That kind of approach sounds more like a backup player, then a Hall-of-Fame bound superstar.

"He's a superstar that plays like a role player," Rivers said. "And that's rare."

Foes alike recognize how Garnett's play tends to elevate the play of those around him.

"Just his presence is going to force teams to take notice that he's on the floor, and that helps his teammates out so much," Wallace said.

Garnett doesn't say much about his game as it stands now, or how it has evolved over time.

His words, much like his play, are simple but effective.

"I'm a skilled player that knows how to play, that looks forward to making other guys better," Garnett said. "I make the sacrifices for the betterment of the team. That's (who) I am."

Red Sox taking stricter luxury tax penalties into consideration this offseason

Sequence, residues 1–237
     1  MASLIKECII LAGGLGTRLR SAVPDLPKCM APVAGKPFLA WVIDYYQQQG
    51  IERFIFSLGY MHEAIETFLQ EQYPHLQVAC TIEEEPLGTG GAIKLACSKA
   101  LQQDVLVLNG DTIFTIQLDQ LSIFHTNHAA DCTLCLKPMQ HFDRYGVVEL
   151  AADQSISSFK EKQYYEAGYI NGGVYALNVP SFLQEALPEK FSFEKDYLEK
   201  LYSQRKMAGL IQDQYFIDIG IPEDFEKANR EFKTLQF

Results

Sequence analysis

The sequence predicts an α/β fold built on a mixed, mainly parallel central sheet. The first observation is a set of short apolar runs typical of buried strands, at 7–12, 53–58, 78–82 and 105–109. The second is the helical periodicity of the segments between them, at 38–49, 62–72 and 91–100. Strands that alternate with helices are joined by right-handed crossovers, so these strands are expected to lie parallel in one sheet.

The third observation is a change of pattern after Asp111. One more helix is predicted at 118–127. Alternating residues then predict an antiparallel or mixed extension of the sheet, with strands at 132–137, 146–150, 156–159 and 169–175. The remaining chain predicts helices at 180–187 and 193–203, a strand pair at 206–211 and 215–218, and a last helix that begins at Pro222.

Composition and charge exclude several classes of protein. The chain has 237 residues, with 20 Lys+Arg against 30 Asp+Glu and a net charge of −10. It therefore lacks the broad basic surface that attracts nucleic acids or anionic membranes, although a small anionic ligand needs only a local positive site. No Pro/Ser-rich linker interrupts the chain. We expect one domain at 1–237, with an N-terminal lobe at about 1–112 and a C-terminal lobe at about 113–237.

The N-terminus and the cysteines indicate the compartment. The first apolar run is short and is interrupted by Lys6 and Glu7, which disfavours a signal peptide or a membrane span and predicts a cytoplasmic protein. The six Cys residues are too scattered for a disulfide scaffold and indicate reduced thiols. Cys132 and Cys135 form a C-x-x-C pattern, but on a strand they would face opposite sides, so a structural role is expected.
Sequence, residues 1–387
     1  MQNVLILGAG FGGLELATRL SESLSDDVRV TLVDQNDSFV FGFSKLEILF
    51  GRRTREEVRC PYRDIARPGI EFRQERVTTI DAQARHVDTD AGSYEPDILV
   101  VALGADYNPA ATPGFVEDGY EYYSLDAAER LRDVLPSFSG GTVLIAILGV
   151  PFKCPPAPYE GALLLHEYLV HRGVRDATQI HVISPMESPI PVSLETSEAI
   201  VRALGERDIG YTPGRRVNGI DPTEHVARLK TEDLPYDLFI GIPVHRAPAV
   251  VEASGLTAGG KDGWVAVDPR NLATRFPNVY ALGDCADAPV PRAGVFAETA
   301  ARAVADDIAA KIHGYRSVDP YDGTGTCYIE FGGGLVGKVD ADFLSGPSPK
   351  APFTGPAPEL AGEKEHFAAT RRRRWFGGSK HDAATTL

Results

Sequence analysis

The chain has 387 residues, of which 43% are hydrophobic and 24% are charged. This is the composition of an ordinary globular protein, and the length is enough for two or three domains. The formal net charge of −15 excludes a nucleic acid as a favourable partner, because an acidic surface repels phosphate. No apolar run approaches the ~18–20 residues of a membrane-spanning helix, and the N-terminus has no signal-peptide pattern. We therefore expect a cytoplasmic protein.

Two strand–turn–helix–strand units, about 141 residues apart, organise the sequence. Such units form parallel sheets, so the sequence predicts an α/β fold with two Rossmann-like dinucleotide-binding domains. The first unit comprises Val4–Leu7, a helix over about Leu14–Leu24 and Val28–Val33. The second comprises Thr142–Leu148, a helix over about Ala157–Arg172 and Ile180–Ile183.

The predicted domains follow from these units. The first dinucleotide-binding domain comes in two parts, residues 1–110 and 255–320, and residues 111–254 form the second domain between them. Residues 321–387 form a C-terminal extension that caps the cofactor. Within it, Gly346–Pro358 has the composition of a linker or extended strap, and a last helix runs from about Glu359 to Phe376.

Red Sox taking stricter luxury tax penalties into consideration this offseason

NATIONAL HARBOR, Md. -- The newly agreed upon Major League Baseball collective bargaining agreement features higher taxes and additional penalties for exceeding the competitive balance threshold -- and don't think the Red Sox haven't noticed.

The Red Sox went over the threshold in both 2015 and 2016, and should they do so again in 2017, they would face their highest tax rate yet at 50 percent. Additionally, there are provisions that could cost a team in such a situation to forfeit draft picks as well as a reduced pool of money to sign its picks.

None of which means that the Red Sox won't definitively stay under the $195 million threshold for the upcoming season. At the same time, however, it remains a consideration, acknowledged Red Sox president of baseball operations Dave Dombrowski.

"You would always like to be under the CBT (competitive balance tax) if you could,'' offered Dombrowski. "And the reason why is that are penalties attached for going over, so nobody likes to (pay) penalties.